Actually, the world often seems in one crisis or another; but, first, we must get our own stuff in order before we can even think about saving the world.

Thankfully, there are attributes within each of us ready to extinguish the smoldering fires of police abuse now! That now threatens to uproot democracy, our most cherished American value. Yet, we must be willing to see the truth and let it leads us…rather than continue with the usual convoluted cover ups.

Justice for Some Only is Likely the Real Culprit

“Our Constitution was made only for a moral and religious people. It is wholly inadequate to the government of any other,” a reminder from John Adams, c.1798, our 2nd U.S. President and one of the founding fathers of the United States of America.

Believe it or not! Today, justice for some only is likely the real culprit threatening to uproot our democracy, and it usually starts at the top. Thus making a mockery of the intent of our nation’s founders, and a facade of our U.S. Constitution that has now become fodder for the elite!

Though African-American males and other people of color, in particular, have either been harassed and humiliated or detained without cause by abusive police officers for decades, seems the killings of Trayvon Martin, Eric Garner and Michael Brown, with impunity, have sparked a new Civil Rights Movement. Many are protesting police brutality en masse while demanding justice for its victims!

In February 2013 while walking home alone on a misty evening, Trayvon Martin, an African American unarmed teenager was shot to death in Sanford Florida after being stalked by an alleged neighborhood watchman who never identified himself to Trayvon, states the police detective’s initial report. Before being killed by Zimmerman, Trayvon tells a friend on his phone that he is being followed by “a creepy ass white man,” a sure sign of intense fear.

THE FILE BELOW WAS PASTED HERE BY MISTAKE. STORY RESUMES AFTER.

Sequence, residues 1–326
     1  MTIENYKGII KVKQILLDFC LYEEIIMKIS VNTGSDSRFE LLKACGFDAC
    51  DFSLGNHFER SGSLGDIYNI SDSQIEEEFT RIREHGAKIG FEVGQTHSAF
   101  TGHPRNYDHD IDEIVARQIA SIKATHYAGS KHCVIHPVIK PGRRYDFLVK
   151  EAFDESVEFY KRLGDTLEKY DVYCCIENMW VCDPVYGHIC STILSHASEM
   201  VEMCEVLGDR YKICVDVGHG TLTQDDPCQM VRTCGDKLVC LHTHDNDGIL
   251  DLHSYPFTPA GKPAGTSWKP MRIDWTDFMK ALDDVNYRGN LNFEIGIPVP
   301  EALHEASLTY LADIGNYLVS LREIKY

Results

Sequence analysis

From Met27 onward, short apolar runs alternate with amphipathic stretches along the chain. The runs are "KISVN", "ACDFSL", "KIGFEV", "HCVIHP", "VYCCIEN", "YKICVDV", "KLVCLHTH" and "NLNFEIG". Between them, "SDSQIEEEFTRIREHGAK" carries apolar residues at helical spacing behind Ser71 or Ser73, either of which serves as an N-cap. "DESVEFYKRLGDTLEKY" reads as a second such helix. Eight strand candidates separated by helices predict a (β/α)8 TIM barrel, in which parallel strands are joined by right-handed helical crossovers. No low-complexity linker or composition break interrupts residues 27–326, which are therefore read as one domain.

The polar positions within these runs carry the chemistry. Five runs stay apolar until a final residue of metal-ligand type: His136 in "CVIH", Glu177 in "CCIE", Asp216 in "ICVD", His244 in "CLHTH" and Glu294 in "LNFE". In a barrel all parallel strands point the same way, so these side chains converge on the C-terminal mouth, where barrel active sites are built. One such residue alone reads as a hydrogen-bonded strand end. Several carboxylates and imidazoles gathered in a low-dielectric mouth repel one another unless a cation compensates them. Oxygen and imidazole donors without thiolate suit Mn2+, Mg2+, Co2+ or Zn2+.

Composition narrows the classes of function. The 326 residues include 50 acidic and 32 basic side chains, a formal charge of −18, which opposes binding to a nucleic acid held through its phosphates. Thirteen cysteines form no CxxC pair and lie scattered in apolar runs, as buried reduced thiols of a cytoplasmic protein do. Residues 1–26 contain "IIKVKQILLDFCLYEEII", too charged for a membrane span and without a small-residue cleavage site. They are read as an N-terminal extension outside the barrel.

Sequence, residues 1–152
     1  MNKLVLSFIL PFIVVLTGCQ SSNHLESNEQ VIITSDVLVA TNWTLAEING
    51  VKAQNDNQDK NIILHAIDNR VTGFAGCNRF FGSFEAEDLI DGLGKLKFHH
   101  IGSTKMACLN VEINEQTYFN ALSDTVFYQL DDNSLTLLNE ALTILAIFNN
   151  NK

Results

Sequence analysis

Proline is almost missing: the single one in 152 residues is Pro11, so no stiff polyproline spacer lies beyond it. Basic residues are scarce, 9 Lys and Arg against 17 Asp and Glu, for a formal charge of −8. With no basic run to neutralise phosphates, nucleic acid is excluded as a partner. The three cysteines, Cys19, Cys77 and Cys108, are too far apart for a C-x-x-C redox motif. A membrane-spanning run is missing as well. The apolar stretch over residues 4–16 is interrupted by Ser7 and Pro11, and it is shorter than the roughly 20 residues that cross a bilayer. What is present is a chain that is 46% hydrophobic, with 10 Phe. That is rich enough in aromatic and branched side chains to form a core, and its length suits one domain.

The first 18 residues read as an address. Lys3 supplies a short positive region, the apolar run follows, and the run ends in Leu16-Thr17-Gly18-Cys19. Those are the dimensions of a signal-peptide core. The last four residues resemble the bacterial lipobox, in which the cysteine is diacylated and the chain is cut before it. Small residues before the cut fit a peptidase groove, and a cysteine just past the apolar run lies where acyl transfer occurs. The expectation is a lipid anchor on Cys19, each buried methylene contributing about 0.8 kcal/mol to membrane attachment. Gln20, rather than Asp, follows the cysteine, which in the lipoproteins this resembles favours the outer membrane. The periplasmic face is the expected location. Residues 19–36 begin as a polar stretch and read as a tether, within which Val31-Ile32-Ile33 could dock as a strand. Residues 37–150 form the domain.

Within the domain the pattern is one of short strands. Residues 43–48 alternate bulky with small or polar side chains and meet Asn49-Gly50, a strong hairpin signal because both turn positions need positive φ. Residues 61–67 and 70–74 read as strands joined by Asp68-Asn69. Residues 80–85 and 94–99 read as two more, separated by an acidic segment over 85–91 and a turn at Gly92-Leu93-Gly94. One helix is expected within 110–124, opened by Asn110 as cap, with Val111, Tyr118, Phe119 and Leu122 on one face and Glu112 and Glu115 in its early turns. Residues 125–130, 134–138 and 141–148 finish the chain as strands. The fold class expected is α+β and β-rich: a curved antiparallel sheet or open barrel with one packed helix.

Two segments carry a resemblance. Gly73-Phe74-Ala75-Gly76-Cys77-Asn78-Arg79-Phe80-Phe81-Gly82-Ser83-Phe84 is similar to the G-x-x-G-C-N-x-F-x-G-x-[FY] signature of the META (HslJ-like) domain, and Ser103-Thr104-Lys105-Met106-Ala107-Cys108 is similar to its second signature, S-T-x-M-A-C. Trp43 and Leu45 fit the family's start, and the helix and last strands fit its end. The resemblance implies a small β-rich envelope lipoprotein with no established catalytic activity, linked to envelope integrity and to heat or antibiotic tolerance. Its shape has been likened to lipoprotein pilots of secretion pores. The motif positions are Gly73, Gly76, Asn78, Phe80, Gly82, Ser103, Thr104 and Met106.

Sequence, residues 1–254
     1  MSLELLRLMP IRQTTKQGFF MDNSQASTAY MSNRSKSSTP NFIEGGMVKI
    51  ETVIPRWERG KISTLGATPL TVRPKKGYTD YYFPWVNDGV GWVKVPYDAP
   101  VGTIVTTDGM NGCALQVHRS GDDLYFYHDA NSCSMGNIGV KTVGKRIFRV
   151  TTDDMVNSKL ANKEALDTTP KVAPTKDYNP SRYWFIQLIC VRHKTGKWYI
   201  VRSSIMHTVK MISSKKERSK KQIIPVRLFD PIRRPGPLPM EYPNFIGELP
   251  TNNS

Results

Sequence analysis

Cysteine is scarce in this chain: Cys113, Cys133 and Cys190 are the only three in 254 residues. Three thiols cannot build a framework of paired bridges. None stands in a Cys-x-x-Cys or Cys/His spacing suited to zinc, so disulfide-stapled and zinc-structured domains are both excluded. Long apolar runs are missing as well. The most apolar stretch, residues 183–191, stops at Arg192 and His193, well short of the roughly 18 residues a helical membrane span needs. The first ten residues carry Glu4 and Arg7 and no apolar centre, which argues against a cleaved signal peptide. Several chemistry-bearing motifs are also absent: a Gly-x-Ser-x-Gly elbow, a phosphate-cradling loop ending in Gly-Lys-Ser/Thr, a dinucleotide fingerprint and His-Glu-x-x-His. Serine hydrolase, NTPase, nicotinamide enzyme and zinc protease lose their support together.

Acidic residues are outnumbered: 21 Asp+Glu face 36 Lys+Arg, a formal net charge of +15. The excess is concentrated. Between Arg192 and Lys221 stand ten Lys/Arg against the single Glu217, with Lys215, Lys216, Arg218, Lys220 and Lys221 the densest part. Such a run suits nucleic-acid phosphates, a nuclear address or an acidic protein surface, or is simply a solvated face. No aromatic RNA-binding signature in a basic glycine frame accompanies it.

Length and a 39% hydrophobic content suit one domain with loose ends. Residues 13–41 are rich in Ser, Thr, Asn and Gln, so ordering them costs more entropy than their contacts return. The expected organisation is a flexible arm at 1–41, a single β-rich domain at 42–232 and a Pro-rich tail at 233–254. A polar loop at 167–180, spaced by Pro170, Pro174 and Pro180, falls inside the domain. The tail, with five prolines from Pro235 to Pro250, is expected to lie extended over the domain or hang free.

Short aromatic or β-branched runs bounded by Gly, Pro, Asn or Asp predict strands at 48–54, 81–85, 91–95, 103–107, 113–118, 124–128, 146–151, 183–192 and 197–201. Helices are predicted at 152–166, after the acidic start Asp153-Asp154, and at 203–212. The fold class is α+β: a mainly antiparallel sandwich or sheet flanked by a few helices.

Though Trayvon’s killer seemly had a fair trial, many believe otherwise. According to published reports, seems a bar to justice for Trayvon’s family and society likely started at the top; and ultimately corrupted the police investigation, the trial prosecution, and the jury.

In July 2014, Staten Island New York, Eric Garner an African American man, age 43, virtually died right before our eyes on national TV gasping “I can’t breathe.” Garner was in a chokehold held by a police officer trying to arrest him for selling untaxed single cigarettes. A petty crime that is evocative of Victor Hugo’s immortal hero Jean Valjean in Le Misérables, who is ever hounded by Inspector Javert, a self-righteous policeman, for stealing a loaf of bread, c.1862.

Today, Eric Garner’s tragic death seems to ask us all: Is not a person’s life worth more than a State’s tax on one cigarette? Are not our laws also meant to be merciful?

Though the New York Medical Examiner had ruled Garner’s death a homicide, in December 2014 a Staten Island Grand Jury declined to indict his killer. Thousands marched on Washington protesting police violence, with slogans of “I can’t breathe” and “Black Lives Matter.” And so the clarion call for justice continues.

In August 2014, Michael Brown, an unarmed African-American teenager, was shot multiple times by a local police officer in Ferguson Missouri while begging for his life. Witnesses stated Michael had stopped running, and had turned around with his hands up in surrender. The police officer basically said Michael was madly charging at him with his fists balled up. Stumbling, grimacing, doubling up in pain from all those nasty ol’ gunshot wounds, dying perhaps? Of course, this atrocity would have easily been exposed in a fair trial.

No indictment was issued by the local Grand Jury. Thus, no trial!

In a March 4 2015 Memo re Michael Brown’s killing, the U.S. Department of Justice mainly states no criminal charges filed, case should be closed. Various witness testimony was deemed “inconsistent” that could also mean incoherent, confused, inarticulate, and so on. Yet, some of these witnesses were quite lucid during previous press interviews, in my opinion.

When We Tell the Truth, Everyone Wins

The most dangerous lie that we will ever tell, is the lie that we keep telling ourselves, whether collectively or individually. Such as the persistent lie that tells us we are wrong when we are right, and the lie that tells us we are right when we are wrong!